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Response to the Woolf Institute's Commission on Religion and Belief in British Public Life

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Issued by Christian Concern

 

News Release
For immediate release
07 December 2015
 

Response to the Woolf Institute's Commission on Religion and Belief in British Public Life

Andrea Williams, chief executive of Christian Concern, has issued the following response to the Woolf Institute's Commission on Religion and Belief in British Public Life's 'Living with Difference' report:

"In spite of the name, we should not confuse this commission with a public or royal commission. It has been appointed by a private body and its conclusions are not all that surprising given its make-up.

"The report is right to recognise the enduring significance of religion. Contrary to the shrill claims of some secularists, religion is not going away.

"Sadly, however, the report’s response sets us off in entirely the wrong direction in terms of next steps. It says that public policy has been piecemeal but its own proposals are equally piecemeal.

"This report suggests that we need more religion in public life but less Christianity.

"It fails to recognise the benefit and coherency that Christianity brings to our past, present and future.

"We need to be honest and face up to the fact that different religions have very different views about what is right and wrong and produce very different outcomes for a society. The ‘lowest common denominator’ approach of pluralism is a dangerous illusion.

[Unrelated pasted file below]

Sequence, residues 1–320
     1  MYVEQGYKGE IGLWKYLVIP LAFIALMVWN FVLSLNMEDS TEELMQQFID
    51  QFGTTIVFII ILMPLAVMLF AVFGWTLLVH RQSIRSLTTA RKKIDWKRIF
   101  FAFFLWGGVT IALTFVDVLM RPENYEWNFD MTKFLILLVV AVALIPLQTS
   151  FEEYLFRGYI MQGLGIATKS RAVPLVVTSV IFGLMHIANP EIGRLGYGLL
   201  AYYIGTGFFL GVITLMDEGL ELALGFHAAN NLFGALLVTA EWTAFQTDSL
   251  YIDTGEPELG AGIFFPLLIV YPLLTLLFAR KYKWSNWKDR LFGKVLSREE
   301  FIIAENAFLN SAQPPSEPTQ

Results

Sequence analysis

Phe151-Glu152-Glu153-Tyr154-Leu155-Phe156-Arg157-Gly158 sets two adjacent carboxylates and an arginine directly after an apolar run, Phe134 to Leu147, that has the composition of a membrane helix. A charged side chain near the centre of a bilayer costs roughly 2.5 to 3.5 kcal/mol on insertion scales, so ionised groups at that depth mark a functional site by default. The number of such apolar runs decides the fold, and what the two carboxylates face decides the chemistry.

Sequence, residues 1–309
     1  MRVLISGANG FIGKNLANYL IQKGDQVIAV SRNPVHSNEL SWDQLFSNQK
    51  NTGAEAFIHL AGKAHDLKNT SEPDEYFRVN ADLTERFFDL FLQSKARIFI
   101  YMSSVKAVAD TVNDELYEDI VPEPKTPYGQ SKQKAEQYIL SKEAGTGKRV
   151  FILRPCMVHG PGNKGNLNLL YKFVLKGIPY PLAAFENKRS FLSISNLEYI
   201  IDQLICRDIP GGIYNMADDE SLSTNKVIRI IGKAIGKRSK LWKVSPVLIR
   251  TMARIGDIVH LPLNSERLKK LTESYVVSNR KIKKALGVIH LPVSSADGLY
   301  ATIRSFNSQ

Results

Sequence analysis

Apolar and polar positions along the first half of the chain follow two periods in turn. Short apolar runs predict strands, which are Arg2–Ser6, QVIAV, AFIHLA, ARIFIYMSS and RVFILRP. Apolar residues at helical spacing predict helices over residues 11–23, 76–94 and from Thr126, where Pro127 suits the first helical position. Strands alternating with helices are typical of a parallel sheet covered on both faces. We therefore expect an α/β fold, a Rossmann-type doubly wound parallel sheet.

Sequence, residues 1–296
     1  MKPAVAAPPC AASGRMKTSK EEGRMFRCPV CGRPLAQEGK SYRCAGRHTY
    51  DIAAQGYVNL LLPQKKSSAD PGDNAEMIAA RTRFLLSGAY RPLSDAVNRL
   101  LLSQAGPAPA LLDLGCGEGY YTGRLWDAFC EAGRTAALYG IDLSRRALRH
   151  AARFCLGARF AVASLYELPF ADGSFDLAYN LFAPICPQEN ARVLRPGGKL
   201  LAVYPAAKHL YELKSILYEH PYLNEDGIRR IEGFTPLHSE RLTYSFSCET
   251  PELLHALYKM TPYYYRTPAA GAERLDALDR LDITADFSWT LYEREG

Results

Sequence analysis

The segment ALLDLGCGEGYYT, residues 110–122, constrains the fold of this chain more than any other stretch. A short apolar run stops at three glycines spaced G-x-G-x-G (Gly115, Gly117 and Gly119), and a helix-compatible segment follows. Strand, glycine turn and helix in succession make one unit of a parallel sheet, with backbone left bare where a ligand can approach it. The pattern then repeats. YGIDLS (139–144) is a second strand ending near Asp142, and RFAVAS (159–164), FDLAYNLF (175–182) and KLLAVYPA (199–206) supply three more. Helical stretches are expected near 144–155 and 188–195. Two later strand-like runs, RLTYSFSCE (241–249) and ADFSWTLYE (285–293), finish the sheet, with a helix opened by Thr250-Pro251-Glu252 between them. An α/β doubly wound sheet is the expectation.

"It destroys a solid foundation for strong values and defence against evil and replaces it with a foundation of sand that could be swept away in a moment.

"A yet more pluralistic approach to our national life is precisely what we don’t need.

"Pluralism can only ever deliver greater fragmentation and confusion, as the last few decades should have taught us.

"We need a coherent narrative that is sufficiently robust to give us direction and real British values. For good reason, it’s Christianity that has provided that for centuries and it’s only Christianity that can provide it for the future.

"It is Christianity that has given Britain a strong sense of identity, purpose and direction whilst simultaneously making us hospitable and welcoming to others. Without Christianity we will lose both.

"We need to recover our confidence in our Christian heritage not continue to diminish and deface it further.

"All around us we are seeing the outworking of the cultural vandalism of our nation’s Christian foundation. It’s time to reverse that destruction.

"Who is it that really wants to diminish Christianity’s place in our national life?

"Those who are most vocal in calling for further pursuit of the failed experiment of pluralism, are usually those who really see it as a vehicle for robbing us of the benefit of our Christian heritage."  

 

Ends.

 

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